A division bench comprising Justice N Kirubakaran and Justice VM Velumani said, “Merely because there is no time limit fixed in the aforesaid Rules for the disposal of the representation for ordinary leave, it does not mean that the prison authorities can sleep over the matter. The very purpose of giving the representation gets frustrated on account of the delay, compelling the prisoners or their family members to approach the court by filing writ petitions.” The direction was given in a plea moved by a life convict seeking one month’s ordinary leave to take his wife, who is suffering from incisional hernia, for treatment, and also to make arrangements to meet the educational expenses of his daughters. He moved the court as the prison authorities were yet to grant leave.
Granting the ordinary leave he sought for, the bench further held, “It is made clear that if the parties are compelled to approach the court on account of failure to dispose of the representation for ordinary leave within the time limit fixed by this court, the expenses incurred for the legal proceedings initiated by the convicts or their family members shall be borne out by the authority, who failed to dispose of the representation in time.”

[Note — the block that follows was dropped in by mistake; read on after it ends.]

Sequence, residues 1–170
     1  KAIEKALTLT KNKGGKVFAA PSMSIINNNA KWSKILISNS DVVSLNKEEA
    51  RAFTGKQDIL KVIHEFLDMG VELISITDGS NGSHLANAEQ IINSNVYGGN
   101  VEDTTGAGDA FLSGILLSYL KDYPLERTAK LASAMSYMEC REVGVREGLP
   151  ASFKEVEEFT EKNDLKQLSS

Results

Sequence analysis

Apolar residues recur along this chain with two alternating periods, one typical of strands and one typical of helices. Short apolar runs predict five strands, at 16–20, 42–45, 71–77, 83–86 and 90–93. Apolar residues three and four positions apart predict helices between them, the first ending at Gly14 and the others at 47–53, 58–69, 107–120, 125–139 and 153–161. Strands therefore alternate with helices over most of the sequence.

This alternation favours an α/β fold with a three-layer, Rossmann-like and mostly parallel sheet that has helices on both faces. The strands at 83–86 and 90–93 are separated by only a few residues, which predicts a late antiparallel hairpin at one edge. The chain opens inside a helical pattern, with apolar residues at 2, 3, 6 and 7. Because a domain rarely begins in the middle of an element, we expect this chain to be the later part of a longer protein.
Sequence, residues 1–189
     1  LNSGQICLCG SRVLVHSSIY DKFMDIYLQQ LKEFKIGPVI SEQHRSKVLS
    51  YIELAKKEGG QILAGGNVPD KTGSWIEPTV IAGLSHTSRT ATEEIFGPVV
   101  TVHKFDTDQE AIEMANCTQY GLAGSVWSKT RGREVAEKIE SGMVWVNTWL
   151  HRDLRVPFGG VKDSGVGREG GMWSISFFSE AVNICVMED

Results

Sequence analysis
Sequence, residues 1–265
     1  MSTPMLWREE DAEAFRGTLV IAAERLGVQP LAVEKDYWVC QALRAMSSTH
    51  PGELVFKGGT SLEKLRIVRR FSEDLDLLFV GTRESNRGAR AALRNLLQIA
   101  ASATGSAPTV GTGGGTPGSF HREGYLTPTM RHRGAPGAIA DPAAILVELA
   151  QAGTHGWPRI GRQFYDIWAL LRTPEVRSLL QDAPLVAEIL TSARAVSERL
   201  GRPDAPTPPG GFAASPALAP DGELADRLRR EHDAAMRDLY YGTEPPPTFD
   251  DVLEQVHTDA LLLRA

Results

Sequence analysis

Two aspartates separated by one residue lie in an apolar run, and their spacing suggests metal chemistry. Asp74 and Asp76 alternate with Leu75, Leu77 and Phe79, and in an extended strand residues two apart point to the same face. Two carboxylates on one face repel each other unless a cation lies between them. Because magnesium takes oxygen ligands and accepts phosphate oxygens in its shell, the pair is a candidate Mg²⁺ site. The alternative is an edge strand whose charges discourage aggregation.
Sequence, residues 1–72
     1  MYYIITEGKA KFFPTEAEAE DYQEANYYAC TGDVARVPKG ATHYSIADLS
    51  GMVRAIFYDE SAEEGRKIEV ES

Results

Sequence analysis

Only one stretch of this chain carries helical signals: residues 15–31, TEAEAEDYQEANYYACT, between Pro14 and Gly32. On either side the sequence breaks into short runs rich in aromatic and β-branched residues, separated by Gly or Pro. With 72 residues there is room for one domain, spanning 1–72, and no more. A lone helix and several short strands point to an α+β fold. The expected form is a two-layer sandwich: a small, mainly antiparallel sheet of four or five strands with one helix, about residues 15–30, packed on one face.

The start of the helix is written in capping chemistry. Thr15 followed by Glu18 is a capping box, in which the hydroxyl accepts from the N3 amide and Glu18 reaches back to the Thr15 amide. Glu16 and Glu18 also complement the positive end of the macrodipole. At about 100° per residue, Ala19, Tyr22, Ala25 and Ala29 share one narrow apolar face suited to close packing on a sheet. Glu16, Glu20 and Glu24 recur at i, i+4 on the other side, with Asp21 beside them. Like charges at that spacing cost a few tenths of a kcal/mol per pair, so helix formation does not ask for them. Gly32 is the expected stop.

Further, the bench led by Justice Kirubakaran noted that it was brought to the notice of the court that the police officials who accompanied the convicts were taking money in the name of charges, and directed the Inspector General of Prisons to make it clear that no amount should be demanded from the convicts when they come out on parole.
“If any such incident is brought to the notice of this court, then not only departmental proceedings would be taken against the concerned officials but also action under Prevention of Corruption Act would be taken,” the bench warned. The plea has been posted to July 27 for reporting compliance.